Fortunately, technology has reached a point where portable, self-powered USB 3.0 hard drives the size of a deck of cards can hold a full 1 to 2 TB! And they’re fast, too!
Update 15-Feb-2015! Two new drives have been added to the review: The HGST Touro Mobile vs the Samsung P3 Portable.
For this review, we picked out a portable USB 3.0 hard drive from 5 major manufacturers, WD, Seagate, Toshiba, HGST, and Samsung and put each drive through its paces.
For those of you not in the know, most current SD cards implement an Ultra High Speed bus (which is abbreviated UHS-I or UHS-1) because it is the 1st version of this bus. It has a maximum transfer rate of 104MB/sec. Since there are some cases which require higher transfer speeds, the SD card consortium has created a new bus called UHS-II (or UHS-2.) The difference is two-fold:
UHS-II raises the maximum transfer rate up to 312MB/s.
UHS-II uses an additional row of pins/contacts to get there.
This means that UHS-II cards can only be fully utilized if the device using it has physical support for these extra pins/contacts. If the device does not have these extra pins (and that’s pretty much all devices as of 2014), then the SD card will fall back to UHS-I mode. Continue reading A list of UHS-II SD cards, readers, and cameras→
In the 16GB USB 3.0 Flash Drives for under $20 review last month, it was noted that the incredibly small Leef Supra 3.0 was a blazing fast contender. The only thing faster was the large SanDisk Extreme and that was the funny thing: SanDisk didn’t have a tiny USB 3.0 drive! Up until now, the only thing SanDisk had in this category was the Cruzer Fit, a USB 2.0 drive.
Well, SanDisk just released the Ultra Fit USB 3.0 drive which appears to be positioned exactly to compete against the Leef Supra 3.0. The question is “How does it perform?”
After reviewing the whole SanDisk SD card line-up recently, it seems obvious that we all need to move more and more data around, faster and faster. So how to choose which SD card reader for getting pictures and videos off our cameras?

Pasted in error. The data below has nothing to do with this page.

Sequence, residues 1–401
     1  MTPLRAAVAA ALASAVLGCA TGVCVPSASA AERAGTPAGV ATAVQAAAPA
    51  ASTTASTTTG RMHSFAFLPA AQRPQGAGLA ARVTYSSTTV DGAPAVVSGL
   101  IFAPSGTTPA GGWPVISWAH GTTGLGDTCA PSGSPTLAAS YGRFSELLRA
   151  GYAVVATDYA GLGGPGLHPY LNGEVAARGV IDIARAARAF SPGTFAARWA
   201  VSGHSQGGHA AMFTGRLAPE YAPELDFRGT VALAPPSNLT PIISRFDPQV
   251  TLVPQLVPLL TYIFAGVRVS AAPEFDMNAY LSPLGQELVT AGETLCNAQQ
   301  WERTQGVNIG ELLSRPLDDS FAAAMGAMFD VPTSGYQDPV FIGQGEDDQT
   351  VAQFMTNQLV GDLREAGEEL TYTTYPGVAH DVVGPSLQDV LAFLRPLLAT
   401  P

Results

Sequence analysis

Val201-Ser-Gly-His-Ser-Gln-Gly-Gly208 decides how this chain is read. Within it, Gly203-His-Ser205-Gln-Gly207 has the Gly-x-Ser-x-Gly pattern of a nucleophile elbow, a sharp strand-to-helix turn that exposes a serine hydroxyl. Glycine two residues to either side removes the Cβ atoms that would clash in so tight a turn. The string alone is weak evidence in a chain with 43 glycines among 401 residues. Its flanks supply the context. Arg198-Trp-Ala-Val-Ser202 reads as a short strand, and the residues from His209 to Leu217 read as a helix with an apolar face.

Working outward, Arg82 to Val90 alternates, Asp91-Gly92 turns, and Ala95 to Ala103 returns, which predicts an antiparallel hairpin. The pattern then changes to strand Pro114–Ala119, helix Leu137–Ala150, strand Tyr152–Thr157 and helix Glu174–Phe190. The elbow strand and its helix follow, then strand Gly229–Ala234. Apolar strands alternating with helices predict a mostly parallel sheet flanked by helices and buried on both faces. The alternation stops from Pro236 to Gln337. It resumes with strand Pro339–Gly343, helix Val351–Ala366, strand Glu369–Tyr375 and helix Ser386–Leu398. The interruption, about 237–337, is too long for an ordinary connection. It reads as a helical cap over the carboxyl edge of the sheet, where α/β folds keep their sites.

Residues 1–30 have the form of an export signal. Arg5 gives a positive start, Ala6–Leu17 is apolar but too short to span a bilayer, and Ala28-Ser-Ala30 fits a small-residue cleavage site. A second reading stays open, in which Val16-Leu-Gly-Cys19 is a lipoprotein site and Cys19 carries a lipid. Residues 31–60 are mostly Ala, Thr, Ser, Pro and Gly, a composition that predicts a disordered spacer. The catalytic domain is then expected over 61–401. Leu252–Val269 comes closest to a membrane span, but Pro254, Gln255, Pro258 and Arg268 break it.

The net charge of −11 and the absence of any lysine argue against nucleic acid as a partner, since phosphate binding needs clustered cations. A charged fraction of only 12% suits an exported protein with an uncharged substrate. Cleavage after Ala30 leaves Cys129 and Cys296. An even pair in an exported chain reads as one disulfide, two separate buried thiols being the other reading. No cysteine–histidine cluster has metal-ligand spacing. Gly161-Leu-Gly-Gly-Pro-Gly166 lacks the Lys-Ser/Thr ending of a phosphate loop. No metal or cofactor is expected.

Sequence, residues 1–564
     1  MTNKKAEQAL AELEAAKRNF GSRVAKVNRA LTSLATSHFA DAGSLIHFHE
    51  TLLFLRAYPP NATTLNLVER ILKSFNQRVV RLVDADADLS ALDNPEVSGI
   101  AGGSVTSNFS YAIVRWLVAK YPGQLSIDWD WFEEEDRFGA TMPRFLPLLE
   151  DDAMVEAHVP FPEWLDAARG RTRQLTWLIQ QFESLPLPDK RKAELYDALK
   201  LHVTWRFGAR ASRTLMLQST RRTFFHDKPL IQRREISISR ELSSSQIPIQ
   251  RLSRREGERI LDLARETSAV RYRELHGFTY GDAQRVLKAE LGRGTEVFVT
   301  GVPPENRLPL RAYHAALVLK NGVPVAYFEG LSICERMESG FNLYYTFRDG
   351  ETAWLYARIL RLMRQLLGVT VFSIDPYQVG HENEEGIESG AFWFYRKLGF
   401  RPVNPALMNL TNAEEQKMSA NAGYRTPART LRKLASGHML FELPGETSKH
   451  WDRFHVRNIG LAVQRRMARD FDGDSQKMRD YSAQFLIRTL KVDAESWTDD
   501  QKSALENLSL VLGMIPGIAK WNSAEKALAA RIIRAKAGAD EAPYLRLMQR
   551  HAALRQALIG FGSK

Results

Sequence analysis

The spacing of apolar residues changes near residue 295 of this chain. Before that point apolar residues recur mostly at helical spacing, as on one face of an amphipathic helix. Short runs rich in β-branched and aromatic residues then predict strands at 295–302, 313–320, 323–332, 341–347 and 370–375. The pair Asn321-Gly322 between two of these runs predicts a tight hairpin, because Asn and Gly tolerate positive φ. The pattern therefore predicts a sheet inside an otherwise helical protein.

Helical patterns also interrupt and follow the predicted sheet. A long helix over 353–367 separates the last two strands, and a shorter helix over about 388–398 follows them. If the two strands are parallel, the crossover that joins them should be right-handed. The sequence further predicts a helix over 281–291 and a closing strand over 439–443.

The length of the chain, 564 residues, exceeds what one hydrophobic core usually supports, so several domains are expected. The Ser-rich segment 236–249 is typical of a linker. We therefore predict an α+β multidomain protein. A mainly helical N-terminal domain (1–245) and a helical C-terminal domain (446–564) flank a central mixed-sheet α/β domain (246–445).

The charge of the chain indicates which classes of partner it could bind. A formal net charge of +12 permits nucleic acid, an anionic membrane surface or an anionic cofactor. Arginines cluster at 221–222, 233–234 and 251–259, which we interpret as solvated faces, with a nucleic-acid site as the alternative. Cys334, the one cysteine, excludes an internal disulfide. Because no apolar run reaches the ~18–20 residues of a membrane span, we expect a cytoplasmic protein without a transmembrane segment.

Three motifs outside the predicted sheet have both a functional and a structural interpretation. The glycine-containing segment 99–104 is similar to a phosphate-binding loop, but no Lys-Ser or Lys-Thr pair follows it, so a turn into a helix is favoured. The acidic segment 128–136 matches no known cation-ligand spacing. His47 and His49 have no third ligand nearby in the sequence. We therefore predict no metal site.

Looking on Amazon.com reveals a whole mess of USB 3.0 SD card readers. Some as cheap as $5, others are more expensive costing $10 and $15. But how do you really know what you’re getting? The average Amazon.com review isn’t all that comprehensive.
Three USB 3.0 SD card readers were picked from the pile (all around $10), put under the microscope, and then a bunch of SD cards were thrown at them to see what happened. Surprisingly, each SD reader had its own advantages and disadvantages with no clear winner. Choosing which one will come down to personal preference, mostly.
If you’re not shooting pictures with your cellphone camera, then it’s probably a good bet that you’re probably using a digital camera that takes SD memory cards for picture storage. There are lots of SD card manufacturers out there, but perhaps the most popular SD memory card manufacturer is SanDisk.
Looking at SanDisk’s website, it appears that they have quite the line-up of SD cards. One would think that 3 different SD cards would be enough to sell to a camera-happy world, but SanDisk seems to think that 6 different cards is needed for all your different photo shooting needs. So which card to buy for your camera?
When reviewing the Top 16GB USB flash drives under $20 of 2014, it was observed that the ever-tiny Leef Supra 3.0 was surprisingly fast for such a small thing. This warranted a closer comparison to something like a Lexar 633x MicroSDHC card (with USB 3.0 Lexar reader) which was a tad larger, but overall, pretty close to the same size. In addition to this, a generic USB 2.0 MicroSD card reader was thrown in for contrast.
The nagging question was “How does the Leef stack up to the competition?”